In February, Apple announced it would invest about $2 billion in a “global data relevant” data center in Mesa, Ariz. The site is a vacant, 1.3-million-square-foot factory Apple acquired from a bankrupt tech manufacturer. At this facility, Apple plans to implement a 100 percent solar-powered central command center to monitor its other global data centers, according to published reports.

New Investments in Technology for the “Connected Age”

Leading-edge technologies — from IoT to optics/photonics, 3-D printing, robotics, autonomous vehicles, and augmented reality apps — are driving investment across the nation.
  1. Switch

    Nevada

    Las Vegas-based Switch opened its Citadel Campus outside Reno, Nev., bringing online a 1.3 million-square-foot data center that is the largest co-location facility ever built.

  2. Apple

    Mesa, AZ

    Apple announced it would invest about $2 billion in a “global data relevant” data center in Mesa, Ariz.

  3. City of Rochester

    Rochester, NY

    The city of Rochester in Monroe County is a regional photonics cluster, with more than 100 OPI (optics, photonics, and imaging) companies, 17,000+ employees, and in excess of $3 billion in annual sales. Monroe County is home to the nation’s Laboratory for Laser Energetics, the University of Rochester Institute of Optics, and the Rochester Institute of Technology.

  4. GE Aviation

    Peebles, OH

    GE Aviation has used 3-D printing to build the biggest commercial jet engine in the world. At 11 feet in diameter, the GE9X engine will power the next generation Boeing 777X.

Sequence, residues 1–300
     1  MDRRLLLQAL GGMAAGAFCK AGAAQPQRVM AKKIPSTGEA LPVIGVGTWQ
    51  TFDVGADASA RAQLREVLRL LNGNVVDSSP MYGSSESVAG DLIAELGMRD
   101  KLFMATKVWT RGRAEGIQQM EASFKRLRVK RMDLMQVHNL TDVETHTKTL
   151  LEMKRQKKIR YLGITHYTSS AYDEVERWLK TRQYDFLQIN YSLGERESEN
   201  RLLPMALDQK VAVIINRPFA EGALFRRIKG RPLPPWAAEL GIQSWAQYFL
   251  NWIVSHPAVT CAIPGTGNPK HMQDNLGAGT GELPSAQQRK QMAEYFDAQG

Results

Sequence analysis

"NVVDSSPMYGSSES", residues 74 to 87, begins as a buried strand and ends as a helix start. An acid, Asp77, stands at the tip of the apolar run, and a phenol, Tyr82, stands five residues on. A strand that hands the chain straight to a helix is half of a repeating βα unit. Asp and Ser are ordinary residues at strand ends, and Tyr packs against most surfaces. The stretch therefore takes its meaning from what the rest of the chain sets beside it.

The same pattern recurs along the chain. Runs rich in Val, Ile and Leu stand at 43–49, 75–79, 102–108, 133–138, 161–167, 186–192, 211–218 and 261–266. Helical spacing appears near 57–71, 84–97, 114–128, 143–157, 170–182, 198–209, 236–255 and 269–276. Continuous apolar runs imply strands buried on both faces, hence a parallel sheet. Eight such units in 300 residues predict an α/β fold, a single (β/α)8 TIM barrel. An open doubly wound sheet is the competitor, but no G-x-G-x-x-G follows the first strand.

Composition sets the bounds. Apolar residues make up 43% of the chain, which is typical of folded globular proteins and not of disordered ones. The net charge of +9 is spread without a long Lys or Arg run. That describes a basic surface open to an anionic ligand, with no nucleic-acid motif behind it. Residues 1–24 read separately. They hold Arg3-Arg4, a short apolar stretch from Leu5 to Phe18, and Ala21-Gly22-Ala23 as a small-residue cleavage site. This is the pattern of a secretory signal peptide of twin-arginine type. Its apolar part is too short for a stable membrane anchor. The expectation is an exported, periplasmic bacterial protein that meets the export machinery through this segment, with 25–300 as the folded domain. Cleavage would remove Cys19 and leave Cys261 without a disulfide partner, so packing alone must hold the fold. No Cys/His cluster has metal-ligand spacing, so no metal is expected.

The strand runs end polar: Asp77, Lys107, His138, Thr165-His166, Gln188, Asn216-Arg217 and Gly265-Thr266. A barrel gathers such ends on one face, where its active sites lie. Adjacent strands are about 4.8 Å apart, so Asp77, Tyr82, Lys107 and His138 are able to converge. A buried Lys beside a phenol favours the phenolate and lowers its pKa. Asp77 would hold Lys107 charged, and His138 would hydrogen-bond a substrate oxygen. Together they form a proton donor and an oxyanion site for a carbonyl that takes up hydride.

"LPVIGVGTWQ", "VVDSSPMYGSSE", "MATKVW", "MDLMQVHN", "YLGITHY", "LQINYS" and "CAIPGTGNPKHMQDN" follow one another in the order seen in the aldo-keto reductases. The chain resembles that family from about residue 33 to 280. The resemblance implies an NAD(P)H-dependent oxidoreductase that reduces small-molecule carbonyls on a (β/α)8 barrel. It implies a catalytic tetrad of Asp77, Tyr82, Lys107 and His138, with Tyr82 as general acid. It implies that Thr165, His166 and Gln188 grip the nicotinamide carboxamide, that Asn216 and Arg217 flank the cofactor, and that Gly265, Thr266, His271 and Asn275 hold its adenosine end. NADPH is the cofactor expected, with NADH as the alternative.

5. 3D Systems

    San Diego, CA

    A subsidiary of Silver Spring, Md.-based United Therapeutics Corp., Lung Biotechnology PBC, is collaborating with Rock Hill, S.C.-based 3D Systems to create “solid-organ scaffolds” for human transplants. The project will be based at 3D Systems’ new bio-printing lab in San Diego.

  6. Humatics Corp.

    Cambridge, MA

    Cambridge-based Humatics Corp., a two-year-old startup focused on the intersection of robotics and Internet-connected devices, has raised $16.5 million and is seeking up to $6 million more, according to a recent filing with the U.S. Securities and Exchange Commission.

  7. Commsignia Inc.

    Santa Clara, CA

    A research group at the University of Michigan is collaborating with Santa Clara-based Commsignia Inc., a leader in the field of connected car (V2X, Car2X) applications, to extend the capabilities of connected automated vehicles (CAV).

  8. Velodyne

    San Jose, CA

    Ford acquired ride-sharing service Chariot and invested in Velodyne, a company producing lidar, a laser scanning technology touted as essential for self-driving cars.

  9. Cruise Automation

    San Jose, CA

    GM gained self-driving expertise with a startup called Cruise, and partnered with Lyft to put the resulting vehicles on the road.

  10. Vuforia

    Needham, MA

    Vuforia, an augmented reality (AR) software environment with 40,000 apps, has as many in development. The firm’s number of registered developers increased 76 percent, with most of the growth in China.

Data Transfer Drives the Photonics Market
According to Transparency Market Research (TMR), the demand for highly capable and efficient electronic products, as well as the rise in data transfer volume, is driving growth in photonics, which is the physical science of light (photon) generation, detection, and manipulation. The global photonics market is set to reach $766 billion by 2020, with a compound annual growth rate of 5.8 percent, according to TMR.